If flexible working can work in a City stock broker, it can work anywhere

Doing your job remotely is not the same as doing it part-time, says London's first female brokerage boss Sam Smith.

by Stephen Jones
Last Updated: 20 May 2019
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Innovation

For some bosses the idea of flexible working is likely to conjure up images of pyjama clad employees sporadically answering emails in between re-runs of Homes Under The Hammer.

The reality of course is much different. When flexible working is implemented well, companies reap the advantages of more productive and engaged workers.

When Sam Smith founded finnCap, the largest corporate stockbroker on LSE’s AIM market, following a management buyout in 2008, she was determined to create an environment that made it easier for new mothers - and fathers - to return to work. (She also offered employees the chance to get a bit of skin in the game by purchasing shares in the company).

Eleven years later, the total market cap of finnCap’s clients has grown from £200 million to £11 billion, a result Smith attributes partly to the company’s "empowering culture."

She says that if flexible working can work in a City stockbroker, it can work anywhere. The trick is to make sure your approach to it is flexible too, which is easier said than done.


"When we established the firm, the working policies reflected the typical practices of the financial industry at the time. I was determined to change this outlook as having less flexible working practices not only creates resentment but can also reduce employees’ effectiveness and productivity.

"We interviewed our employees to see what hours they would like to work, what working models would be most appropriate and would gain the most support.

"The key to implementing flexible working successfully is tailoring it to suit the individual. It’s not one-size fits all. Some people might need to work from home one day a week, whereas others may just need to come in a bit later in the morning. Sometimes it means approving a request that we initially have some reservations about, but we usually make it work for both the individual and the company.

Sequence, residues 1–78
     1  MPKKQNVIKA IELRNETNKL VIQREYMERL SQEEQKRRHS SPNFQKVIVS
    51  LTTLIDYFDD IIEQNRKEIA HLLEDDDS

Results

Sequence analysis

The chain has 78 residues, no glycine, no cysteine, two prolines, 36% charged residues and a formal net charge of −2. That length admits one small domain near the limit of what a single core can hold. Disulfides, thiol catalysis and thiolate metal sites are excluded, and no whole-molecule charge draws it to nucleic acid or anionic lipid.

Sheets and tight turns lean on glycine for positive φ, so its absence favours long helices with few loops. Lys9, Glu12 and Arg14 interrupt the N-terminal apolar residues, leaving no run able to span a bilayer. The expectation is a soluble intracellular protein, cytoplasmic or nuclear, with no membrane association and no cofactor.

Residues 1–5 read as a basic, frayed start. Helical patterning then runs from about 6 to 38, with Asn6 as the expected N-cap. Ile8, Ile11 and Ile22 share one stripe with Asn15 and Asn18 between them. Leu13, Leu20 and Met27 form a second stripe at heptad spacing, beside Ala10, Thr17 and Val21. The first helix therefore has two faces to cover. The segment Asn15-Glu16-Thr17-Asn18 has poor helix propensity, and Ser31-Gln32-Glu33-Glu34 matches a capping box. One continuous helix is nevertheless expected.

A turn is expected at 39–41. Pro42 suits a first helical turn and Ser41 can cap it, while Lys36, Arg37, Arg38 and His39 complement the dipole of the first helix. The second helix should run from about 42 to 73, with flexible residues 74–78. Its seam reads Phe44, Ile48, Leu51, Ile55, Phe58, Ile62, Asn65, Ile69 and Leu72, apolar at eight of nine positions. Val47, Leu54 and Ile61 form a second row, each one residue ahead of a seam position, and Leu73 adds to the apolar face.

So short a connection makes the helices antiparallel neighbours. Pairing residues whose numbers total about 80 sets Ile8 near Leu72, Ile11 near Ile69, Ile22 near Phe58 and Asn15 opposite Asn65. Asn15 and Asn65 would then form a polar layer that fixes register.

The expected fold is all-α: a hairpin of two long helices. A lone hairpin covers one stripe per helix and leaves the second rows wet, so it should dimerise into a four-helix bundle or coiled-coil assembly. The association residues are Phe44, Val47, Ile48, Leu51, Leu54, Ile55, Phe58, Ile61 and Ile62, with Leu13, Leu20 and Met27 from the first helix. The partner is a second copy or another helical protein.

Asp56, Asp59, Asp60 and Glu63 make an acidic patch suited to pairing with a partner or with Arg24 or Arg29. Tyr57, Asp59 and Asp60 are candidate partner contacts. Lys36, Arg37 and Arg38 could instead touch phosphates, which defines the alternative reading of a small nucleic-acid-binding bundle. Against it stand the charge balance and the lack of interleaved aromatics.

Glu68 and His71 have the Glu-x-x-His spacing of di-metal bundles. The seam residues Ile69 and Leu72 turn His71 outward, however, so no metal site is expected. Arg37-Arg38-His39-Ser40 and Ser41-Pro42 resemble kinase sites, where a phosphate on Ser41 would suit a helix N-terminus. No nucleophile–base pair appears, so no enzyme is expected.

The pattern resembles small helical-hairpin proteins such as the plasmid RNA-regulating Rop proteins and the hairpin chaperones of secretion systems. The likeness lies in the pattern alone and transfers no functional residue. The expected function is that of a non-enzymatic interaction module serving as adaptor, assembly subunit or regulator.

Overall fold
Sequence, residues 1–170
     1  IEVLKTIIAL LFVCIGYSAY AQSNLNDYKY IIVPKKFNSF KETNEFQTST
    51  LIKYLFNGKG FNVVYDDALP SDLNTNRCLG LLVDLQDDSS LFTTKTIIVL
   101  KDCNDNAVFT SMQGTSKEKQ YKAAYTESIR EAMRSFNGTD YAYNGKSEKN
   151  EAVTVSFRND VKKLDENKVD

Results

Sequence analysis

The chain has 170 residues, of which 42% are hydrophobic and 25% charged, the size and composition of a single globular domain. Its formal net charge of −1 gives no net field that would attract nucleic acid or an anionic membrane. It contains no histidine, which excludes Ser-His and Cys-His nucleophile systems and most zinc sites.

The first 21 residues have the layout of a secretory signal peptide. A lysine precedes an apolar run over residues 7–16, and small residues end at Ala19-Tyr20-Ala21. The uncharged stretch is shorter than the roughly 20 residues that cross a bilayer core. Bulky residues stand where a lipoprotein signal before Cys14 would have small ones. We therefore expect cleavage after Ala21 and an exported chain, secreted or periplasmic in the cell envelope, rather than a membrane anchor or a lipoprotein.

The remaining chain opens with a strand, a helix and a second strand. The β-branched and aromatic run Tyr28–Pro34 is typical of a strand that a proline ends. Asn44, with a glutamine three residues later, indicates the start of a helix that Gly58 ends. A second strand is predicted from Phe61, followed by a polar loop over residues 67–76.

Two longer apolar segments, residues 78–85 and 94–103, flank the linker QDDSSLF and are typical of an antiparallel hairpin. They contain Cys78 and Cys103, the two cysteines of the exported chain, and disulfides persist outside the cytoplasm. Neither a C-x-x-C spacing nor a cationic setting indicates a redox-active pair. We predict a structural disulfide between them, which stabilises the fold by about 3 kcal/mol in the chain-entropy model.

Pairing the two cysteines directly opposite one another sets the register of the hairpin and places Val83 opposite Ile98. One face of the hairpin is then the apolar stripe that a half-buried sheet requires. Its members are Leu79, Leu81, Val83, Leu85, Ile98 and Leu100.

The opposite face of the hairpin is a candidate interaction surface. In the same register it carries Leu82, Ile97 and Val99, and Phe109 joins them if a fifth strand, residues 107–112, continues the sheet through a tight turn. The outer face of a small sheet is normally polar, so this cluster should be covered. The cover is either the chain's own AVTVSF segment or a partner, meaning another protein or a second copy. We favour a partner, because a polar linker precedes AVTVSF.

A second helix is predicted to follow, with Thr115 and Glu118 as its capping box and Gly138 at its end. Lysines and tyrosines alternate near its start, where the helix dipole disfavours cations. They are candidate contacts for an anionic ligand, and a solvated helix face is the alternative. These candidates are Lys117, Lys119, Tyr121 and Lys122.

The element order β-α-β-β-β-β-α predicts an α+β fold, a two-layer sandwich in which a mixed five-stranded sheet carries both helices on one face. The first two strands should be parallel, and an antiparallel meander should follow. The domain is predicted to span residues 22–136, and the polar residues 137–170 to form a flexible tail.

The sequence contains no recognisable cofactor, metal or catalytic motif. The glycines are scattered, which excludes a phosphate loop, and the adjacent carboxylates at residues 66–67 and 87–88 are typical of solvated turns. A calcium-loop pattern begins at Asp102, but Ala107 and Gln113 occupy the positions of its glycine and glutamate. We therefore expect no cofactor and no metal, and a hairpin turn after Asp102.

"Flexible working is now a common part of our internal culture and it has no doubt improved our productivity and diversity. At the time of the buy-out in 2008, just 10 per cent of our employees were women; today they make up 40 per cent. People feel like they have a greater role in decision making and don’t need to make personal sacrifices to progress in the business.

"In my experience the most common barrier preventing more businesses implementing appropriate flexible working practices is that many people still regard working from home as an excuse to do limited work. Flexible working should not be seen as part time working.

"There needs to be a greater recognition within the financial and working world broadly that flexible practices are, in particular, key to parents looking to balance work and private life, not reduce their capabilities."


Image credit: rawpixel.com from Pexels

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